In Taiwan, you can apply for permanent residency after living there--either three or five years, I forget which. For all your living-in-Taiwan questions, see http://www.forumosa.com

Yes, those are the names of some Buddhist traditions. Read some books, and if you can manage it, visit some different kinds of temples in your area to see which you prefer. Just google "Buddhist temple" and the name of your city.
(no longer participating on this board)
Alfredo
 
Posts: 421
Joined: Sun Dec 16, 2012 3:52 am

Re: Nepal Or Taiwan

Postby tigerh98 » Sun Oct 20, 2013 10:36 pm

So what skills do i need or do to get a permanent visa for nepal just curious :good:
User avatar
tigerh98
 
Posts: 137
Joined: Sun Sep 15, 2013 12:52 am
Location: USA-FL

Re: Nepal Or Taiwan

Postby Indrajala » Sun Oct 20, 2013 11:33 pm

tigerh98 wrote:Indra so in nepal its a waste of time trying to become a monk?but if i choose to live in taiwan forever to live as a buddhist monk is there problem with the permanent visa?


You should get an education first.

If you wanted to become a monk, study at Buddhist college and acquire useful skills (like translations). It is tough work though and requires many years of commitment.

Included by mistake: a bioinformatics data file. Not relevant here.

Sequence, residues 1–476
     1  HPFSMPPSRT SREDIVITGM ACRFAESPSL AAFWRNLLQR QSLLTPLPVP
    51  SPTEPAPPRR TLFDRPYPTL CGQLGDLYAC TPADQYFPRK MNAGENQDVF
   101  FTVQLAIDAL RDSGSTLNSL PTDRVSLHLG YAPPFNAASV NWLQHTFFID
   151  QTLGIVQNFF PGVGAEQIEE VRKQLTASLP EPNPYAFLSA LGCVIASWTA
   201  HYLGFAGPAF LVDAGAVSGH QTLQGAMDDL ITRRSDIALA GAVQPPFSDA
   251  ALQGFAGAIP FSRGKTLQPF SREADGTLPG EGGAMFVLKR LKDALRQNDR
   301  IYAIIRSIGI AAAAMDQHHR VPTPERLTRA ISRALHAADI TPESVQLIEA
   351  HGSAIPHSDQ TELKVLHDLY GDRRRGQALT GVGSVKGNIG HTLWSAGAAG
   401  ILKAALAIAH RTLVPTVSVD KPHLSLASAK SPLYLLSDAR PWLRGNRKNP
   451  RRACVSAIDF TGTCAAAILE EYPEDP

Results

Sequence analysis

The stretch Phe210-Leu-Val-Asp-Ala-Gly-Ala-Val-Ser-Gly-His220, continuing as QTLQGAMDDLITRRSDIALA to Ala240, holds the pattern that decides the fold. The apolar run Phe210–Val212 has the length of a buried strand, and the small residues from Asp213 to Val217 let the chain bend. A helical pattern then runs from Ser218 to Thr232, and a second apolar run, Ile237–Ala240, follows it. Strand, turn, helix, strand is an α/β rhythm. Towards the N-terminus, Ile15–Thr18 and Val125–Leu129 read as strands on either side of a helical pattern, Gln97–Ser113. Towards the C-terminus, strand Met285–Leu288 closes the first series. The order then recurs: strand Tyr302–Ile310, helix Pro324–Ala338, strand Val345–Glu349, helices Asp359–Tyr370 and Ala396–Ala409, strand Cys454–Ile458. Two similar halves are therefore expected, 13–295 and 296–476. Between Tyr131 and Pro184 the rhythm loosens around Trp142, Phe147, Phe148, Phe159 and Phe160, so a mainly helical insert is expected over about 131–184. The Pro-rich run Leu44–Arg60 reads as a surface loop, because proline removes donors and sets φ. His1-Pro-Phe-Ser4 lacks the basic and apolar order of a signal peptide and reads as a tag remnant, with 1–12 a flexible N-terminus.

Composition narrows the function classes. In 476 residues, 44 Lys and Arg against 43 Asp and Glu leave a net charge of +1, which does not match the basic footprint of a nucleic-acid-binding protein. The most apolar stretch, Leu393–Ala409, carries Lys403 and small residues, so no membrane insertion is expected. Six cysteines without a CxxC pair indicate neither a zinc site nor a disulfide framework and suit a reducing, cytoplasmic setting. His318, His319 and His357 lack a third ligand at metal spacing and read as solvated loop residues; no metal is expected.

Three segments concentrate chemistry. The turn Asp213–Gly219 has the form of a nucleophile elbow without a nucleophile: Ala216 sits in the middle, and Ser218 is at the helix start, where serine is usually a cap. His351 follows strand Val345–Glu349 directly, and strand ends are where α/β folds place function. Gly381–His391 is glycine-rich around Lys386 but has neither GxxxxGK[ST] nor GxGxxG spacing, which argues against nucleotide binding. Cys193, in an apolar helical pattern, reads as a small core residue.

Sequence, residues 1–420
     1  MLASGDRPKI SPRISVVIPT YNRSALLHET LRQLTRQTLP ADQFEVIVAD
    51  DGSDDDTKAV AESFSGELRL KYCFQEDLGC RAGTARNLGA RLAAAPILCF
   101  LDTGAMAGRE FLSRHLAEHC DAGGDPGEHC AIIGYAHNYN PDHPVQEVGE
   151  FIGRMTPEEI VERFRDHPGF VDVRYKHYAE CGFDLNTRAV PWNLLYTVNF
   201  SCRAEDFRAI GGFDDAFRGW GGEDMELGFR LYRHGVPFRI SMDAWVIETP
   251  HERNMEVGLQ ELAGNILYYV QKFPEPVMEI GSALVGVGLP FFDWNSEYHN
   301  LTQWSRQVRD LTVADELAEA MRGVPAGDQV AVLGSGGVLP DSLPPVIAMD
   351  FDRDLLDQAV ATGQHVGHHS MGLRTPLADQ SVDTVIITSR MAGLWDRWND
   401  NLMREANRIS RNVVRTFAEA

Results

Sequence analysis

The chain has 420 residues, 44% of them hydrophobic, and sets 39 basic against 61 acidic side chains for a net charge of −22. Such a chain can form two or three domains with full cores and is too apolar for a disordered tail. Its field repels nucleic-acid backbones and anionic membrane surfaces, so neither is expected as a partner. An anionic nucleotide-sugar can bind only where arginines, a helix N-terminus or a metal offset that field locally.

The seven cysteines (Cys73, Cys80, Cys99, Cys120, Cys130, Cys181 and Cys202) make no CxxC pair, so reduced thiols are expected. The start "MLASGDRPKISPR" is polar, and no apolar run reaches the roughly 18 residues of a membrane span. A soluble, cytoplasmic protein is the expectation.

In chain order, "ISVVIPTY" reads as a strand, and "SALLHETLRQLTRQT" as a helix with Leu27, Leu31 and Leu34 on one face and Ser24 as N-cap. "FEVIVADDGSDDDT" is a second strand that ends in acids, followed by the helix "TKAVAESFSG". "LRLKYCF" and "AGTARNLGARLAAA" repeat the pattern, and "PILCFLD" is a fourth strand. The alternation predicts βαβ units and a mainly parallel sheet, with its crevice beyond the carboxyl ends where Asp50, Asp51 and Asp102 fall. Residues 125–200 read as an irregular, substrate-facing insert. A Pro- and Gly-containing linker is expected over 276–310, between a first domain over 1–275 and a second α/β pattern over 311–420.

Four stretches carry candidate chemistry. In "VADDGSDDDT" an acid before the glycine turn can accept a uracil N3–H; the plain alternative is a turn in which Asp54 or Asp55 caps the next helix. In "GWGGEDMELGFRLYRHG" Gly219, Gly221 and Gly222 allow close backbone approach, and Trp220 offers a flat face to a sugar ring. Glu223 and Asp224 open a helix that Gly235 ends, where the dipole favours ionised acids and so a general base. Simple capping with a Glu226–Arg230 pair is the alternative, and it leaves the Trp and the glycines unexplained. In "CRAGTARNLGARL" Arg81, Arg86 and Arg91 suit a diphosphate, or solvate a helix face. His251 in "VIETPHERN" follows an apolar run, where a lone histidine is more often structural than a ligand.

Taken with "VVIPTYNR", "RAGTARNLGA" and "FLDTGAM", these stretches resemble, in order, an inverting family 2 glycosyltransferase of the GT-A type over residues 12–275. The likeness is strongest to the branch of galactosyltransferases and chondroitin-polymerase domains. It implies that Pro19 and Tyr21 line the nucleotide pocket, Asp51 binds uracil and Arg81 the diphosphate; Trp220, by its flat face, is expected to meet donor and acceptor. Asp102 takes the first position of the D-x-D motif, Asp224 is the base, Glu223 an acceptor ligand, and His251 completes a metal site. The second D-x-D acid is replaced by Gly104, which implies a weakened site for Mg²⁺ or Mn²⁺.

In Nepal there's this option for an undergraduate degree:

http://www.ryi.org/


In Taiwan you would need to get a comparable education, which is perhaps easier to obtain as you can study Buddhism for free in several places, but you would need to learn Chinese to a considerable degree. Again, that takes many years of commitment. Also, becoming a monk a Chinese tradition requires a degree of obedience and self-sacrifice that few westerners can manage.
Flower Ornament Depository (Blog)
Indrajāla's Contemplations (Blog)
Exploring Classical Chinese (Blog)
Dharma Depository (Site)

"Hui gives me no assistance. There is nothing that I say in which he does not delight." -Confucius
User avatar
Indrajala
 
Posts: 5914
Joined: Fri Feb 12, 2010 3:19 pm
Location: Nepal

Re: Nepal Or Taiwan

Postby tigerh98 » Mon Oct 21, 2013 12:36 am

Well i dont know what tradition i want and what your saying if i dont graduate high school i cant become a monk 8o this cant be true?
User avatar
tigerh98
 
Posts: 137
Joined: Sun Sep 15, 2013 12:52 am
Location: USA-FL

Re: Nepal Or Taiwan